Course offerings for the Fall 2010 semester
(Note: All courses meet in room 206W unless otherwise indicated.)
REL 110 Nature of Religion
This introductory course considers what is distinctively religious about religions. Using a combination of in depth case study and cross-cultural comparison, it introduces the student to recurrent themes, forms and structures of religion, considering such topics as: the nature of myth and ritual; sacred time and sacred space; gods, spirits and ancestors; as well as the roles of shaman, prophet, and priest.
001 Tu, F 11:10-12:25 Sproul
156 Tu, F 15:45-17:00 Raver
051 Tu, Th 20:25-21:40 Adluri
REL 111 Approaches to Religion
A modern critical study of religion using a variety of methods to further understanding of the role of religion in personal and social life. Approaches include those of philosophy, psychology, the arts, history, sociology, and anthropology. Readings are from a variety of differing religious traditions.
001 Tu, F 08:10-09:25 O’Neil
002 Tu, F 14:10-15:25 Cerequas (Room 205W)
051 M, W 20:25-21:40 Raver
REL 204 Experience of Religion
Here the emphasis is not on doctrines of religion, but on central experiences that underlie the institutions of religion. Readings are drawn from a variety of cultures: from ancient writings to contemporary ones; from religious traditions and from outside religious systems as such. Most of the readings concern the experiences themselves, in material such as the Australian initiation rites, Islamic and Native American rituals, The Epic of Gilgamesh, biblical narratives, the enlightenment of the Buddha, mystical experiences, the journals of Etty Hillesum. Work by several theorists will also be read. Questions will include: What is the experience like? What is "religious" experience? How does the experience affect people and their lives?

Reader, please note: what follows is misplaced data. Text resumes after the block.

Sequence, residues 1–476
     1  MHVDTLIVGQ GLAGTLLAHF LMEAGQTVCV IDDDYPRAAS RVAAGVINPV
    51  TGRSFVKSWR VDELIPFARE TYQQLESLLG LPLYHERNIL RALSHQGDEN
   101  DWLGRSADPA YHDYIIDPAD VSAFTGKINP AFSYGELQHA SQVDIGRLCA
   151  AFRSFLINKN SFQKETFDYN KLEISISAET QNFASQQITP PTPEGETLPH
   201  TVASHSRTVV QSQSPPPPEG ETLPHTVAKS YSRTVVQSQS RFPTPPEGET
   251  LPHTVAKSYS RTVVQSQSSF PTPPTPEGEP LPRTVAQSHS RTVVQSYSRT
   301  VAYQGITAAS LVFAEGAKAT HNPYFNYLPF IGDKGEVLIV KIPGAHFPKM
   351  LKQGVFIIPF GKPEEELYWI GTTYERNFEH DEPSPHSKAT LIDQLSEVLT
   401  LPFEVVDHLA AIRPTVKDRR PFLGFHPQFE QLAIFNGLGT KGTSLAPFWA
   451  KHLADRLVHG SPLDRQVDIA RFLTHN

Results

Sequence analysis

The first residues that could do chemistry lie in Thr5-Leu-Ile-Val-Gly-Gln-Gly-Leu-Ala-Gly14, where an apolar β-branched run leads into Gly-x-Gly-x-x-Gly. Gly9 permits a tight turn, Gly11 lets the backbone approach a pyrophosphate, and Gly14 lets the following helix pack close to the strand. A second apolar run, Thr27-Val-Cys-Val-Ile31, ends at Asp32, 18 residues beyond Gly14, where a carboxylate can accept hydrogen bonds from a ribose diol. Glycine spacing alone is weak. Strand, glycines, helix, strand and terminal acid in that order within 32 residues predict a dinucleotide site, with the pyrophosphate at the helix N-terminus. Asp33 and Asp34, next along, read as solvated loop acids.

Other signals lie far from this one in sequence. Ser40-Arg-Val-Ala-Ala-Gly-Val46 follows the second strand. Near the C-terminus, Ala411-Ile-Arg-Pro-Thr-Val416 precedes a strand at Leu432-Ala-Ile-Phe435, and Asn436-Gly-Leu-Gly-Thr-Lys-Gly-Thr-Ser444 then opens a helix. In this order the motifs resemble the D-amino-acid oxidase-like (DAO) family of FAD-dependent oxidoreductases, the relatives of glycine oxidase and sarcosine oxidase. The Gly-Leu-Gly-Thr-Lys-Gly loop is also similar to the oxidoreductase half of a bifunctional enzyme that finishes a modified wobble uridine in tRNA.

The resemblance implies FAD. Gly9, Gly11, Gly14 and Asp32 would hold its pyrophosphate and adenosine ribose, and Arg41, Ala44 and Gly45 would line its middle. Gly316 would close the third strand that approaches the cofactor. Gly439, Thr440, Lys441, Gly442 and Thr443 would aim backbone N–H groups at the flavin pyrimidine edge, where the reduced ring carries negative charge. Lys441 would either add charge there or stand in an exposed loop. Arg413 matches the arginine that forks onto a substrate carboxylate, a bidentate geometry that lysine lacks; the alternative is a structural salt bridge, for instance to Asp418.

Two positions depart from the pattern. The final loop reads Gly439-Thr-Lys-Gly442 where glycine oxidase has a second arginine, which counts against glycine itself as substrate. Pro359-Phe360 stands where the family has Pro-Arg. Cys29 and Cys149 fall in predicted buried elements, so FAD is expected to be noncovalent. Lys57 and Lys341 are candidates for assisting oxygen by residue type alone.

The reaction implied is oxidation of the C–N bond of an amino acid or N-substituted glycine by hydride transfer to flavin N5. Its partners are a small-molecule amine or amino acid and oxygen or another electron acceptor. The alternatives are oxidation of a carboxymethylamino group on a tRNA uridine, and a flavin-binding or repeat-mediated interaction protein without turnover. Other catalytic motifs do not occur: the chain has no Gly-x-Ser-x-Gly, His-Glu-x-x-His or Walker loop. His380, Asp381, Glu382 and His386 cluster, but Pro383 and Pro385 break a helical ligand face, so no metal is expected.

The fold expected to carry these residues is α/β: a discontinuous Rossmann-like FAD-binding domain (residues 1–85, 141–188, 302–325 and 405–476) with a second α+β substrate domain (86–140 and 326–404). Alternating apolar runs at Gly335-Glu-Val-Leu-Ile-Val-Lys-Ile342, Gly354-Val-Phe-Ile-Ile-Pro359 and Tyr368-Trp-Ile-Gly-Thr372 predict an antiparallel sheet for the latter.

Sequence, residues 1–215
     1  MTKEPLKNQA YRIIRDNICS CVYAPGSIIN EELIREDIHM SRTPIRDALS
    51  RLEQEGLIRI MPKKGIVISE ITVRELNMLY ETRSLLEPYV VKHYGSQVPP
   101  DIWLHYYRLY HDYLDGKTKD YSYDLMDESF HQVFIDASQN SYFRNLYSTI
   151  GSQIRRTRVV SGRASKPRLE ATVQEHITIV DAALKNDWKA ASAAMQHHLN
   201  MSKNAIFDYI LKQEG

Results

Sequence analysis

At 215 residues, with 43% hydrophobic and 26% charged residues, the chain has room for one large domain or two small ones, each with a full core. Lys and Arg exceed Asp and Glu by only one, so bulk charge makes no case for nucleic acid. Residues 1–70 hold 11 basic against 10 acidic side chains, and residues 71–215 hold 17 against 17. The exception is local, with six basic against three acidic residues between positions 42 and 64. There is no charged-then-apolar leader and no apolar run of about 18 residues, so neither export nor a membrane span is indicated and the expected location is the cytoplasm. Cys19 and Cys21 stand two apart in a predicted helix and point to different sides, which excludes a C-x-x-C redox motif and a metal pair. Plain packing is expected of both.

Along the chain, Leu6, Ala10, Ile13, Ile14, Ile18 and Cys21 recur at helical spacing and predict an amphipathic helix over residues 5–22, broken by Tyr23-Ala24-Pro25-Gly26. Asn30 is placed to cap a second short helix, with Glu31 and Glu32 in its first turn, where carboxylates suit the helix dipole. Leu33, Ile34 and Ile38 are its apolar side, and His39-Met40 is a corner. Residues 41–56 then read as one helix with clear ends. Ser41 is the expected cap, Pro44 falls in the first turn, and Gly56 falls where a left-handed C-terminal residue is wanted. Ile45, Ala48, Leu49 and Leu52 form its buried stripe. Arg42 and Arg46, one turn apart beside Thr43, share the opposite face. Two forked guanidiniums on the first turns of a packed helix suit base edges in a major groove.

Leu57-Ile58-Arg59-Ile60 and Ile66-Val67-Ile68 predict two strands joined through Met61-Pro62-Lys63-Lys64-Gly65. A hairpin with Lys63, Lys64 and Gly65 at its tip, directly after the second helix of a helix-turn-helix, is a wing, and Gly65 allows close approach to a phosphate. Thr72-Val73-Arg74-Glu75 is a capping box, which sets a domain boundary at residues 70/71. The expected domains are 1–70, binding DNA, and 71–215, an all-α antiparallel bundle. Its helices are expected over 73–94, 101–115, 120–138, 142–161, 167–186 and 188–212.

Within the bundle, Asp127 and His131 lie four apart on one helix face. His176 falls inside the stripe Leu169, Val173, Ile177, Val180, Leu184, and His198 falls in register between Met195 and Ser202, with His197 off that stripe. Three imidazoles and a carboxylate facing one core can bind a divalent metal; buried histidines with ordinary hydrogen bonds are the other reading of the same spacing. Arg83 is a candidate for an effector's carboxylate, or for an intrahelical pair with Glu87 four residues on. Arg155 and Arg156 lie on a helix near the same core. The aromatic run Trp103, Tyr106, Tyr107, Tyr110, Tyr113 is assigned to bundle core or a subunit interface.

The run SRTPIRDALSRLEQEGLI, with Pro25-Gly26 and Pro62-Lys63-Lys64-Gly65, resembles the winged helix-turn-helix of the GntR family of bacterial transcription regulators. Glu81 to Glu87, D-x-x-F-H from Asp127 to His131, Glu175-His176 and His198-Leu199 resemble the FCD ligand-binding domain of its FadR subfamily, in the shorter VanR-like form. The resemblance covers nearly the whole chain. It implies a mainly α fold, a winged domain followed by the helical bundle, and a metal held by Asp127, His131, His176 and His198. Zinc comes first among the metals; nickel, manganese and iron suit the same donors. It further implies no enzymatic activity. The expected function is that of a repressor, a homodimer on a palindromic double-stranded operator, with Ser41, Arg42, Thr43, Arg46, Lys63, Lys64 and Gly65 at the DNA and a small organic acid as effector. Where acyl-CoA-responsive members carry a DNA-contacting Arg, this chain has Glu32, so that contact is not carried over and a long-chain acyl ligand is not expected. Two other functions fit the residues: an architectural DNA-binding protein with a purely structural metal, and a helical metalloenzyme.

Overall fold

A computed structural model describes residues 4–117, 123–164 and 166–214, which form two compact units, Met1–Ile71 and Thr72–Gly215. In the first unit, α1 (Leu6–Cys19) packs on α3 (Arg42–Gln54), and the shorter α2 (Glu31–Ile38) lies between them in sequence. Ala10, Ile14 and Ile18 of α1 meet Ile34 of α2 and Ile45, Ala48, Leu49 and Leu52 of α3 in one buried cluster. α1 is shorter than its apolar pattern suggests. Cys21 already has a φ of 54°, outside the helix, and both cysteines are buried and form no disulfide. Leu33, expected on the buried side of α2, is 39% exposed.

051 M, W 17:35-19:50 Raver
REL 206 Ideas of God
How does contemporary Western theology understand faith in God? What is meant--or ought to be meant--by the word "God"? How does the reality of evil figure into faith? Answers to these questions will be our primary focus as we read works by representative Jewish, Christian, and heterodox religious thinkers since World War II. Examples will be drawn from liberal, process, feminist, and radical perspectives, among others.
001 M, Th 13:10-14:25 Long
REL 207 Religious Sources for Morality
Ethics has been defined as the tension between that which "is" and that which "ought" to be. This course will focus on the origin of the "ought": How do we decide what is good and evil? What are the sources of our understanding of what ought to be? Are these sources religious? Have they to do with belief in God? (What do we mean by "religion" and by God"?) Reading will be in Buber, The Book of Job, Genesis, Psalms, The Gospel of Matthew, Wiesel, Kant, Kierkegaard, and Tillich.
001 Tu, F 12:45-14:00 Sproul
REL 208 Religion and Social Justice
While all religions agree that securing a socially just world is a 'constant occupation,' they disagree as to the concrete nature of that vocation. This course is designed to examine contemporary religious reflection on four social issues: war, race, the economy, and gender relations. The issues will be approached from as many sides as possible, examining them in light of the attitudes they reveal about God, society, and justice. The course will focus primarily on readings from a range of different traditions, in large part to illustrate the plurality of perspectives that exist.